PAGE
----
A year ago we wrote about how the US Treasury Department sanctioned a crypto transaction mixing service. A year later an appeal to the courts to reverse that decision came to naught. Tornado cash crypto transaction mixing sanctions stand. The appeal to the court in the Tornado Cash crypto transaction mixing case brings two issues to mind. What are the merits of the sanctions against Tornado Cash and those who used its services? And can those sanctions be reversed by going after the technicalities of the case?
Why Did the US Treasury Go After Tornado Cash?
According to the Foreign Assets Control Office of the Department of the Treasury, Tornado Cash laundered in excess of $7 billion in cryptocurrencies since it began business in 2019. The action of the Treasury was to sanction individual crypto wallets associated with Tornado Cash. And they sanctioned the blockchain smart contract code related to these transactions. Was there really any hanky-panky going on with Tornado Cash? Chainanalysis is a digital asset research company. This year they stated that about $2 billion in crypto assets stolen by North Korean hacking groups had been laundered through Tornado Cash. This alone would appear to make sanctions on Tornado Cash valid.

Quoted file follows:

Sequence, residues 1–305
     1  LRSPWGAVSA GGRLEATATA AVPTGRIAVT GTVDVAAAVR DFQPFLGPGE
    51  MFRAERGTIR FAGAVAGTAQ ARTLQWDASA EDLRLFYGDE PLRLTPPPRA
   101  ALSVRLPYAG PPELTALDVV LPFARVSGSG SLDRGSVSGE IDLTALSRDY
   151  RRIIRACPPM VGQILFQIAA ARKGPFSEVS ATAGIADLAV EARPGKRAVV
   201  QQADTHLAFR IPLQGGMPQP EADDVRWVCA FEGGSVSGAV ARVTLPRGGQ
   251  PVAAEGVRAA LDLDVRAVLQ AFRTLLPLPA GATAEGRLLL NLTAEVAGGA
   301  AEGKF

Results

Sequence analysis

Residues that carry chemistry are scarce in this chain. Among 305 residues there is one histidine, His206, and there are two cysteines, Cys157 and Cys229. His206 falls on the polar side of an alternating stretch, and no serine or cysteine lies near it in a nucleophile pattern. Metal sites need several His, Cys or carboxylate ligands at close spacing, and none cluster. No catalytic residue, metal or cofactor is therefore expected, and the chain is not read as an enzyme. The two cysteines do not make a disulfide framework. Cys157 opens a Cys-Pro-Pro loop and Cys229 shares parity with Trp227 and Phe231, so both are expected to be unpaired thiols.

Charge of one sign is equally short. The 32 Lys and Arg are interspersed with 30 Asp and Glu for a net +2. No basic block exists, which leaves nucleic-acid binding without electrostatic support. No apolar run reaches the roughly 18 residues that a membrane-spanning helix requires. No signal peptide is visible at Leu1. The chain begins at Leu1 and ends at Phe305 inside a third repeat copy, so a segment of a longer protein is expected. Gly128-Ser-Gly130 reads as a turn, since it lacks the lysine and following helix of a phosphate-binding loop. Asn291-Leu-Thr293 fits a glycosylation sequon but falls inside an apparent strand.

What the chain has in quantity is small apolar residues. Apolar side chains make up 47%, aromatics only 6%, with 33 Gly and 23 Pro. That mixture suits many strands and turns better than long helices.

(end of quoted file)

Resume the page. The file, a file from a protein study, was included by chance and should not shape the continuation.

Figure 1 This Guy Is Why Tornado Cash Was Sanctioned
What Was the Basis of the Tornado Cash Appeal?
Coinbase funded the appeal which was done by six individuals. Their argument was that smart contracts should not be sanctioned. They contended that neutral tools and technologies do not fall within the law regarding sanctions that Congress passed. In an interview one of the plaintiffs said, “Just because armed robbers used a highway doesn’t mean the highway should be banned. We felt compelled to act.” It should be noted that this is a common tactic of lawyers who want to appeal something. If they cannot bring down a ruling based on the facts (Tornado Cash laundered billions in hacked cryptocurrencies), they will go after the details and say the decision was improper on that basis.
What Was the Judge’s Ruling Regarding Sanctioning Smart Contract Code?
Part of the plaintiffs’ attempt to overturn the initial decision was based on rulings in other courts regarding open source code. It turns out the smart contracts used by Tornado Cash are proprietary. They are routinely modified by Tornado Cash. The judge ruled that such smart contract code is property of Tornado Cash and thus falls within the law regarding sanctions against North Korean hackers. The judge is even said to have compared this smart contract code to vending machines which, like code, can act autonomously but can be periodically serviced and modified by its owners.
There were also free speech arguments in the attempt to overturn the original ruling and they were also denied. The complete case ruling for Case 1:23-cv-00312-RP can be seen by following the link. It is extremely dense reading but that is typical for such legal arguments. The bottom line is that the plaintiffs failed to reverse the initial ruling based on technical arguments about authority granted under the law, free speech, etc.
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